Avaya is making it easier to drop its unified communications capabilities into business applications, removing a layer of complexity that may be holding developers back from writing communications-enabled apps for businesses.
The company is announcing Avaya Aura Collaboration Environment, which is made up of both a set of developer tools and also software that interfaces communications-enabled apps with Avaya Aura unified communications infrastructure that actually delivers the communication link.
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The result, Avaya says, would be applications that can trigger a range of communications actions such as instant messaging, conference calls and video calls. For example, an intelligent-building control application could be enabled to set up a conference call among key building staff when the air conditioning system goes on the fritz.
The applications would require that customers of the apps have Avaya Aura to which they would add Collaboration Environment, which can run on any number of VMware virtual servers.
Competitors Cisco and Microsoft offer APIs to enable embedding communications features from their platforms into apps, but not the development platform, says Irwin Lazar, an analyst with Nemertes Research.
In Avaya's case, the company offers developers a plug-in for the Eclipse integrated development environment that is commonly used in writing business apps. Adding Aura UC capabilities to apps in Eclipse is done via drag and drop, Avaya says.
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"Open interfaces and SDKs make it easier to create applications that leverage those capabilities," says Henry Dowling, an analyst with Forrester Research. For developers, their task is to call on the communications resource rather than having to code the actual interaction, he says.
Lazar says there are enough Avaya Aura corporate customers to attract developers to write these apps. In general, these so-called communications-enabled business processes that the applications could perform have been talked about for a decade, but little has been done to make them a reality. Simplifying the writing of such apps could accelerate the process, he says.
Avaya also offers developers a new service called Avaya Aura Collaboratory, a cloud-based Aura test infrastructure. Rather than build their own test environment for doing quality control on their apps, developers can pay $1,000 per quarter for the Avaya developer test-lab service.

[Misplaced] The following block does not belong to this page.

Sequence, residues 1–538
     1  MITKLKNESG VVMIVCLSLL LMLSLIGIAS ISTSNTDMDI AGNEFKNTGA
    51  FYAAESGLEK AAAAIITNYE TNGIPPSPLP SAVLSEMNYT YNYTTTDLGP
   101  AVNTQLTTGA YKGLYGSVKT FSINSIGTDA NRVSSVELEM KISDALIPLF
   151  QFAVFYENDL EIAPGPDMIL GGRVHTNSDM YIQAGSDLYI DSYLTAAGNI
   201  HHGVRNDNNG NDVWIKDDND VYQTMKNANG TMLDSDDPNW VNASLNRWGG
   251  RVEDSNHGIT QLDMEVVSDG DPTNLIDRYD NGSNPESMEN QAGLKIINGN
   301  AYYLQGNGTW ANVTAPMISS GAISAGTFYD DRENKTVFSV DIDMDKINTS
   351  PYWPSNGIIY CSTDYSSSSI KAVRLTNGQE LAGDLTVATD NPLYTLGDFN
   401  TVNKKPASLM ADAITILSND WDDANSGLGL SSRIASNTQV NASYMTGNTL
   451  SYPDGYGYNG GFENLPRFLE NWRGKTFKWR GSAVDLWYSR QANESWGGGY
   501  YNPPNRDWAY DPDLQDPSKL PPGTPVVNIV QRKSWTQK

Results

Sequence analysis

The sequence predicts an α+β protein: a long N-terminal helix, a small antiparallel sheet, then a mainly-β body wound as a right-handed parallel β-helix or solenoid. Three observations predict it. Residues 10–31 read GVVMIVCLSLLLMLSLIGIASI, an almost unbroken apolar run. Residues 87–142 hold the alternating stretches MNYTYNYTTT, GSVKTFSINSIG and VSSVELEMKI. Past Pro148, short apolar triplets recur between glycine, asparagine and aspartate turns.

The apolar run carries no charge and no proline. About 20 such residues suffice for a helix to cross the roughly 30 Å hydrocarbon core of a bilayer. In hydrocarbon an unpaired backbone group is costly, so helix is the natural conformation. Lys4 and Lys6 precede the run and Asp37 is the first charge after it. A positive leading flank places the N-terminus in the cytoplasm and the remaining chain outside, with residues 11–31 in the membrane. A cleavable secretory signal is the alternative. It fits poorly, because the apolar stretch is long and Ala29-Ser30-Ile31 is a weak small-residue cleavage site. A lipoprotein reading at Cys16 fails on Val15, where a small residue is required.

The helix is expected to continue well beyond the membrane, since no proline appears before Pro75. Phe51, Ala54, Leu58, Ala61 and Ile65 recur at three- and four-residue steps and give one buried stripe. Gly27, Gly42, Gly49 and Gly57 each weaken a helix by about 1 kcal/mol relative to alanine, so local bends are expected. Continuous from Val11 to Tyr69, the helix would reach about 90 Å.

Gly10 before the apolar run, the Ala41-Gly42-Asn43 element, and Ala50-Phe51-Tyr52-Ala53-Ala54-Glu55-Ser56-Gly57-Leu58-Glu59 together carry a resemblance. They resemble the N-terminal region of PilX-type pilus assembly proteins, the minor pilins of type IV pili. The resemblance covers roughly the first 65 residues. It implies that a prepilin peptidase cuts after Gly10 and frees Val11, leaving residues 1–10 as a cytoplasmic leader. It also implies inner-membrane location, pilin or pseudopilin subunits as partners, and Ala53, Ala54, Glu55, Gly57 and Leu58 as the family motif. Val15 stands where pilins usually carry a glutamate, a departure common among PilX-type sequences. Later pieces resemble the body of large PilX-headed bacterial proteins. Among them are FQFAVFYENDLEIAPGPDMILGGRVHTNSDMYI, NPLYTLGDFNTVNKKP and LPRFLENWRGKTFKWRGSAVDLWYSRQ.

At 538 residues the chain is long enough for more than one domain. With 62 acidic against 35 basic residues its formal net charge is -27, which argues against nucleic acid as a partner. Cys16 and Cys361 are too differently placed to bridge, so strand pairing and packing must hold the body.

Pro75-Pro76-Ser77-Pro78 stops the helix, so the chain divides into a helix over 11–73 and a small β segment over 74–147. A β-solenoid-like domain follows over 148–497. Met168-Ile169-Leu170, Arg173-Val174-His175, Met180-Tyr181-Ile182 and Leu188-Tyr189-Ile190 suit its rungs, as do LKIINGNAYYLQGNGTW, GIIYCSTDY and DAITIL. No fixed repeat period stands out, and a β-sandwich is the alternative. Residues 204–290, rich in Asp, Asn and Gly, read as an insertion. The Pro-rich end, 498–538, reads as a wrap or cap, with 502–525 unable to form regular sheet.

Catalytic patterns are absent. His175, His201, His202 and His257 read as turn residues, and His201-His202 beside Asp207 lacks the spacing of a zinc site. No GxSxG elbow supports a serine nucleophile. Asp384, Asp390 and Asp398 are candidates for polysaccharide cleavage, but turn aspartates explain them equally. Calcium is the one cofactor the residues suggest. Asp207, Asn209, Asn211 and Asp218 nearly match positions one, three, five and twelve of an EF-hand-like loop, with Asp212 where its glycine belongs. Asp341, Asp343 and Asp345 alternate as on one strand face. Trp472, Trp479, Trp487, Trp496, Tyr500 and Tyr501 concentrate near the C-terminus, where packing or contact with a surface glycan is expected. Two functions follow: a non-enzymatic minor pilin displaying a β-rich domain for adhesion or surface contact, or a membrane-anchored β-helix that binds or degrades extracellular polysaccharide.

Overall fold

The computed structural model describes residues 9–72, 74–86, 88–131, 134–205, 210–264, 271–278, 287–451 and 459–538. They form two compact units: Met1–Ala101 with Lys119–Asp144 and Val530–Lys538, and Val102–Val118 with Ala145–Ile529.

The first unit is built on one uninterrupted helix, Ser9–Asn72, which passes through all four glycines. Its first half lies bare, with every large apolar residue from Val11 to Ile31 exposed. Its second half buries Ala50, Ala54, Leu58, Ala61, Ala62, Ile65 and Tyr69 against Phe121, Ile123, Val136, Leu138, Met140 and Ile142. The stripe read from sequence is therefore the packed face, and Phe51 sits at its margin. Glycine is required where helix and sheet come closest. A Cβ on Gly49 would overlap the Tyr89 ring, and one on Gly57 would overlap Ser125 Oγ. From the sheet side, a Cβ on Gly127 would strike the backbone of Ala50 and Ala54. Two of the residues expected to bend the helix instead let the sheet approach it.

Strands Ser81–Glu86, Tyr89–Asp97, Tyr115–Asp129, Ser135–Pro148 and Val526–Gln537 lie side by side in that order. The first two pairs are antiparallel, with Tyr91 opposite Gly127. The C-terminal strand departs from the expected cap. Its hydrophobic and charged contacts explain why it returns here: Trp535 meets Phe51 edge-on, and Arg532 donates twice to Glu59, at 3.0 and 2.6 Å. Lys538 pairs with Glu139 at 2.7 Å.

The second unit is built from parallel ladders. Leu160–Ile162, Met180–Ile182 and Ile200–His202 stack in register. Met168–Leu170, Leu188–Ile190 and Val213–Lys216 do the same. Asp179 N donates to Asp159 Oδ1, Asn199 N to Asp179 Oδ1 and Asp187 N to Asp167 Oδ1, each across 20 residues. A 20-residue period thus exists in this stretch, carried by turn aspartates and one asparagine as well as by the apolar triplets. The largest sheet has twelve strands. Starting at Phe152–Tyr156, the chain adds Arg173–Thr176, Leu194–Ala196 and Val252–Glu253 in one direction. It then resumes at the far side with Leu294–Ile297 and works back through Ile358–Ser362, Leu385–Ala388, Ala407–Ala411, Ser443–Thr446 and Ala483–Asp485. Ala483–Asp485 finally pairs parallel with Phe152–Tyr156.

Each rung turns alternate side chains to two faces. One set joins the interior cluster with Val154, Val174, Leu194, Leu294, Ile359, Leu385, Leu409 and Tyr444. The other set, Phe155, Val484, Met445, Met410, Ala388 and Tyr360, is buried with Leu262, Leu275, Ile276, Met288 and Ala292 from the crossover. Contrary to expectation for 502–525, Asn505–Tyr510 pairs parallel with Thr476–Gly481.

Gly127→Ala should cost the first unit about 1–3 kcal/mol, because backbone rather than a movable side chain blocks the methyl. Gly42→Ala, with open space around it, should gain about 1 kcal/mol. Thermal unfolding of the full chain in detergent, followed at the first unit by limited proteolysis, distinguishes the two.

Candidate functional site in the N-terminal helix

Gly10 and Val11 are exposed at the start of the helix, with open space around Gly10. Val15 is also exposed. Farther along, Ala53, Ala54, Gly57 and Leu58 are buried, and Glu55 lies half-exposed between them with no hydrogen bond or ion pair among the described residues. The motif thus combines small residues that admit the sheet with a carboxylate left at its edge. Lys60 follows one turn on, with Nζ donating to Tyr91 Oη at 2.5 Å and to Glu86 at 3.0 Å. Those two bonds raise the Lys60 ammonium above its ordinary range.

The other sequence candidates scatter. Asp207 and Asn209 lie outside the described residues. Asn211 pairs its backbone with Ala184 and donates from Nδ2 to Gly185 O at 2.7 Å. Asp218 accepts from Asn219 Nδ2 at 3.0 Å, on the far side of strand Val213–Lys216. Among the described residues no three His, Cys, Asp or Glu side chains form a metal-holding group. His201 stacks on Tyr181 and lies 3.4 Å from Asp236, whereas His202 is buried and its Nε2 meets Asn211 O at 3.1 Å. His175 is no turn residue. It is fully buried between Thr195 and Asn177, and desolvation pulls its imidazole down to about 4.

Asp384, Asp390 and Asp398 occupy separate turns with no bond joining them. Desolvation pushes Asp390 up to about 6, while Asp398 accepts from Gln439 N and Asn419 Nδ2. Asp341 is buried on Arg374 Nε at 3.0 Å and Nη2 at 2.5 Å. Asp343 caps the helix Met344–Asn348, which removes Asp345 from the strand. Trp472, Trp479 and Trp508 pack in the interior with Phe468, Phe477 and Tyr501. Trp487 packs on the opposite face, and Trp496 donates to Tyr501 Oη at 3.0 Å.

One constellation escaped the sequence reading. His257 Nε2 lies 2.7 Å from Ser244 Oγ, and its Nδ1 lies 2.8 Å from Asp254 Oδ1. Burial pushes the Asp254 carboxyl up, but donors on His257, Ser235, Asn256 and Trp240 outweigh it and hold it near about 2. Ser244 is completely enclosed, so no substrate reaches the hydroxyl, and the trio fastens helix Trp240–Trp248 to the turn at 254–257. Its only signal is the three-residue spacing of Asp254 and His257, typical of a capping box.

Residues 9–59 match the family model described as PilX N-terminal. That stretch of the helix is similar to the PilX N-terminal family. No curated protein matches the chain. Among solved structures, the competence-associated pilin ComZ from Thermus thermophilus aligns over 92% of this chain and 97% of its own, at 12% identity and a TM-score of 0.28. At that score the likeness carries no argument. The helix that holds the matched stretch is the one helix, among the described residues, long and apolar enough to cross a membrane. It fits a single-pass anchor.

Avaya Messaging service
Avaya says it used Collaboration Environment to build its own SMS service called Avaya Messaging service.It makes it possible for customers to receive on designated smartphones SMS messages that are sent to their work desktop phones, numbers that otherwise couldn't receive such messages.
Customers sign up for the service and use a secure portal to enter the desktop phone numbers they want to SMS-enable as well as the number of the smartphone to which the messages will actually be delivered. SMSs bound for those desktop phone numbers are routed to Avaya's infrastructure and relayed over a cellular data network to the appropriate smartphone.
The messages are displayed by the smartphone via an Avaya Messaging Service app that customers install. The service costs $120 per phone number per year.
IP Office upgrade
Avaya is has released a new version of its IP Office unified communication platform for midsize businesses. IP Office 9.0 doubles the number of users it supports to 2,000 and supports deploying the system to as many as 32 sites.
For the first time the platform can be deployed on VMware virtual machines. VMware is the only virtual environment IP Office 9.0 supports. The software can also be deployed on Linux hardware or on Avaya 500V2 appliances.
Hybrid deployments using more than one of these options is also possible.
Tim Greene covers Microsoft and unified communications for Network World and writes the Mostly Microsoft blog. Reach him at email@example.com and follow him on Twitter@Tim_Greene.
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This story, "Avaya cozies up to developers" was originally published by Network World.